- Politics and Social Issues
Another Look At Why Spending Cuts ALONE Will Simply NOT Work in Reducing the Debt or the Deficit 
In A Perfect World
I WAS putting together a hub on the Conservative Cut, Cap, and Balance plan and was working on the part about presenting a 50,000 foot look at this budget deficit issue. When doing this, it gave me an idea on a different approach at trying to explain why spending cuts alone simply cannot, in fact, will not be able to bring the deficit under control as Conservatives firmly believe it can.
Let me start with what began as a simple chart, but, grew a bit in "apparent" complexity. This chart, Chart 1, looks complex but is about as simple as it gets when you are talking about the Federal Budget. If you break the budget down, there are only three parts, the Revenue (on the left), the Expenditures (on the right), and the Government (in the center).
Revenue has two major and one minor components: personal taxes, corportate taxes, and all else. Expenditures also has three major components: discretionary spending, mandatory spending, and interest on the debt (right now small but projected to get very big). You will notice two more pieces at the center top and bottom; those are the revenues lost to tax credits, incentives, deductions and other reductions to the basic tax based on special circumstances such as personal or corporate welfare.
It is really that simple, seven basic parts; three revenue streams in, three expense out plus special tax code laws that effect the "inflow" but really looks and acts like "outflow". This is the perfect world where America has spent most of its history, in balance, e.g. expenses DO NOT exceed income and Insterest on the debt was zero.
The Real World
Chart 2 is only slightly more complicated when showing the budget as it actually is today where expenses do exceed income and Interest on the debt is not zero. Here, I just added another revenue stream made up of borrowed money, i.e., the Deficit.
All that was needed was to 1) add "Borrowed Money" on the left, the Revenue side, 2) add an Expense on the right side for Interest on the debt, and 3) make a note in the center that states that Expenses exceed Revenues and there you have it.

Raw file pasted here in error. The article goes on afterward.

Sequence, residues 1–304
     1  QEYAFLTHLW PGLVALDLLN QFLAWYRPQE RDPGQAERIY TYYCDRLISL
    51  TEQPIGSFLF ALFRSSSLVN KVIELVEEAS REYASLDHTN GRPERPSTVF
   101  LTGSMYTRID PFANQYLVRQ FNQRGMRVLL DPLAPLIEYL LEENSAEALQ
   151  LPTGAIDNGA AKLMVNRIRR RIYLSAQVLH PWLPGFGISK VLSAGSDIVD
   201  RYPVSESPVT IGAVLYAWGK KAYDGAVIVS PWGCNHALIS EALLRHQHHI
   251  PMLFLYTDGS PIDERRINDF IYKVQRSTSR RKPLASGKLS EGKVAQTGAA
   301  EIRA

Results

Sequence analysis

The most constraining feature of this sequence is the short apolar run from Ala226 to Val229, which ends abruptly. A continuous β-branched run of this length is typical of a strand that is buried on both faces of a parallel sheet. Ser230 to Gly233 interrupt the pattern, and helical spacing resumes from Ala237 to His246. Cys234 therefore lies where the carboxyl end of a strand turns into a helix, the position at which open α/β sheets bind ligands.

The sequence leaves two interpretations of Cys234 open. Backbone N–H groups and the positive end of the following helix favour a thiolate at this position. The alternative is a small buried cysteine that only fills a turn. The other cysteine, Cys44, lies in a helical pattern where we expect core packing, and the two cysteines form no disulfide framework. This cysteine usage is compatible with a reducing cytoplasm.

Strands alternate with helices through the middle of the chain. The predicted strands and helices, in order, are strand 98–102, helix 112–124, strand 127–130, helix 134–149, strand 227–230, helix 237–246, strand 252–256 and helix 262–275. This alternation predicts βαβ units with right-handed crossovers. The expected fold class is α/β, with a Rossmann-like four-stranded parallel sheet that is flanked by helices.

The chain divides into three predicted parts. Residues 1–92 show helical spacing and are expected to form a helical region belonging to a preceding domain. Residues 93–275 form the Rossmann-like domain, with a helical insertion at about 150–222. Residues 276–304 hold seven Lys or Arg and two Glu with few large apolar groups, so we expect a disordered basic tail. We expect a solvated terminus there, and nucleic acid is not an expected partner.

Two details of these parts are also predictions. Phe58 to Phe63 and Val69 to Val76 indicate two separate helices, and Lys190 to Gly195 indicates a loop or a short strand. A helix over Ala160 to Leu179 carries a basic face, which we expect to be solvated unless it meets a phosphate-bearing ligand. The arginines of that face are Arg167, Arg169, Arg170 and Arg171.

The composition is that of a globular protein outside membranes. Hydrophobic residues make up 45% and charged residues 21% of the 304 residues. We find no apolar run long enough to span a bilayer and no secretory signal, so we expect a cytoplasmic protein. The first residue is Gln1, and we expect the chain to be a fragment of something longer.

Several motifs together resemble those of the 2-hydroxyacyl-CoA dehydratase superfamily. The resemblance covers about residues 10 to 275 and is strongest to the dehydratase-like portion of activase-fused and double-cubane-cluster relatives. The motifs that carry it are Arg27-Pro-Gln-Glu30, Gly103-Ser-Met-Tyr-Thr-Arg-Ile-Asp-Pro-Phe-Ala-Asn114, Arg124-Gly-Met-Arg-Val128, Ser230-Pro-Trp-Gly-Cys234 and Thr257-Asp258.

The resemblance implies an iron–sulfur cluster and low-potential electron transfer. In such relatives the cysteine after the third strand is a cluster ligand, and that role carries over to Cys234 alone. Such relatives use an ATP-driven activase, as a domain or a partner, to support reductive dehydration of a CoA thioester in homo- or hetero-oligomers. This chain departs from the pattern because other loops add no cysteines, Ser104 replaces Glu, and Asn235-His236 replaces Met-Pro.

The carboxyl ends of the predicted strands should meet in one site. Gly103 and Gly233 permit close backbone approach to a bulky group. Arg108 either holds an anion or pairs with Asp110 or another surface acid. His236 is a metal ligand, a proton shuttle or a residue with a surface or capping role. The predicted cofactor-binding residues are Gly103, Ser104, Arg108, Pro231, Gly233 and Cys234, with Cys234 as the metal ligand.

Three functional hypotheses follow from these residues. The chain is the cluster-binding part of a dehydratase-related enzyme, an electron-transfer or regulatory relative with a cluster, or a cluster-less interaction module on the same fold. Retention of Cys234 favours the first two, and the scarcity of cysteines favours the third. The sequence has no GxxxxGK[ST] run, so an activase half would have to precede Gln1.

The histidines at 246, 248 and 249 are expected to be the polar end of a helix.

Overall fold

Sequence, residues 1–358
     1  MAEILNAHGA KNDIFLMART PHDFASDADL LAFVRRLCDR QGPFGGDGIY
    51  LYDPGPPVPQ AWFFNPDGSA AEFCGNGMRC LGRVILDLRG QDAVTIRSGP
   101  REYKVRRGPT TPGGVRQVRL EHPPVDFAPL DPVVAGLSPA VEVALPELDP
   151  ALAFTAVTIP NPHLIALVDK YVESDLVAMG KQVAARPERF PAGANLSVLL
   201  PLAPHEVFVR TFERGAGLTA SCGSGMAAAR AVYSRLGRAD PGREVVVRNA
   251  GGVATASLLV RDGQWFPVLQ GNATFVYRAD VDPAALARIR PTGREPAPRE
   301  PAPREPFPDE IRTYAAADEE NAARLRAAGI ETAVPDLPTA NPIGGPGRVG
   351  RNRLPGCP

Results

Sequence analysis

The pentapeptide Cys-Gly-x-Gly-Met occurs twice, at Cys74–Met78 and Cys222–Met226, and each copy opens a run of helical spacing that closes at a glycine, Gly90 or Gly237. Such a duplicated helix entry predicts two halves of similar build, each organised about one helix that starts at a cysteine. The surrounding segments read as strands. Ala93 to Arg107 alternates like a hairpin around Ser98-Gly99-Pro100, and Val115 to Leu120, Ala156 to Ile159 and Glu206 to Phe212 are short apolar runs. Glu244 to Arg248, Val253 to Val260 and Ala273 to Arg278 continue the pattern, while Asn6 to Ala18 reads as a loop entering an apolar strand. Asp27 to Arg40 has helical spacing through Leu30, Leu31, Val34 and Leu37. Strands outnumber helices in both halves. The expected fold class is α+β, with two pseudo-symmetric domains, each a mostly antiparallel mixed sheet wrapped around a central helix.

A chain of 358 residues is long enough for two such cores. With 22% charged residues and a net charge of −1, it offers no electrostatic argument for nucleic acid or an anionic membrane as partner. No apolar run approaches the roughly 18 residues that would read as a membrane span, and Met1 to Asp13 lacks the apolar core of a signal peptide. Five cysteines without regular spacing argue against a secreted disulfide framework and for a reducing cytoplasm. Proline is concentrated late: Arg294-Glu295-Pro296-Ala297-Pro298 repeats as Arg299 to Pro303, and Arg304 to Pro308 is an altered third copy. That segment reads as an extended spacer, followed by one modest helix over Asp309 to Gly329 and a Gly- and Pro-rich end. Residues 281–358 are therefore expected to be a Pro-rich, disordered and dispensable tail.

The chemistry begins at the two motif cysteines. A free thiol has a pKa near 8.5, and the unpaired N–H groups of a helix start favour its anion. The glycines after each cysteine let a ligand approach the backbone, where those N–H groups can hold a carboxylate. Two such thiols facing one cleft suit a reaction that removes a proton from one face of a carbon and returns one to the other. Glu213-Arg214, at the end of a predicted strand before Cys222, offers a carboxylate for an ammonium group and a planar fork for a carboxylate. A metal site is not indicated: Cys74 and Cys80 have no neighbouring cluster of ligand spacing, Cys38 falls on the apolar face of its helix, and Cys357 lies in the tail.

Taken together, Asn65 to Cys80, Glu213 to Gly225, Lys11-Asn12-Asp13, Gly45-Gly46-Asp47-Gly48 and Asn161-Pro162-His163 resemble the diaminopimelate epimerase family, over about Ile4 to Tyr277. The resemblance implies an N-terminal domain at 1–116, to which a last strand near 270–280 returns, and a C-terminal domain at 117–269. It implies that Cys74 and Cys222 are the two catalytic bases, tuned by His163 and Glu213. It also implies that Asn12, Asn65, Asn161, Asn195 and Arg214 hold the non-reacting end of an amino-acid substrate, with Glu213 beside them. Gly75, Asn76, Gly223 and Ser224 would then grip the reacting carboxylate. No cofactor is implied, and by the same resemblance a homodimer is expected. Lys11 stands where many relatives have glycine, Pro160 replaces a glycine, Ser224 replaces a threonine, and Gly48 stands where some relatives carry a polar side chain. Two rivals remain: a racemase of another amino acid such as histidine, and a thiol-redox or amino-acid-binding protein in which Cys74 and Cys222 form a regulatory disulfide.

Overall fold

To put the chart into works, money is received by the government from taxes and fees; some is given back in deductions, incentives, and credits; the remaineder basically goes into the Treasury. Further, the Federal Reserve, as needed and when it has the authority from Congress to do so (which it does not have right now), sells bonds and puts those receipts into the Treasury as well. Bills come into the Treasury daily resulting from legislation previously passed by Congress which Treasury pays; that's it. Simple, isn't?
Now, let's look at a little more detail by putting some 2011 budget numbers to the charts.
What Are Some of the Parts and Amounts
IN CHART 3 you can see the only real complexity to the Revenue side involves Personal Taxes. As anyone who receives a paycheck knows, the government takes taxes for two reasons, one is withholding for incoming taxes and the other are deductions for Social Security and Medicare insurance.
There are three take aways, as I used to say in briefings from my previous life, from Chart 3 is that 1) decisions about Corporate taxes and revevue from Other tax and fees will not have any real affect on the deficit or the debt, 2) the amount of revunue from indiviual taxes and insurance taxes are roughly equal, and 3) the amount of revenue from personal taxes is roughly equal to the revenued raised from borrowing.
As you will see, these last two points will play major roles in the later anaysis. Now, what about the much more complex expenditure side of the house?
Regardless of the propaganda from the Left and the Right, the federal government spends money for only one reason, to support the needs of the American people as determined by the people through their Representatives.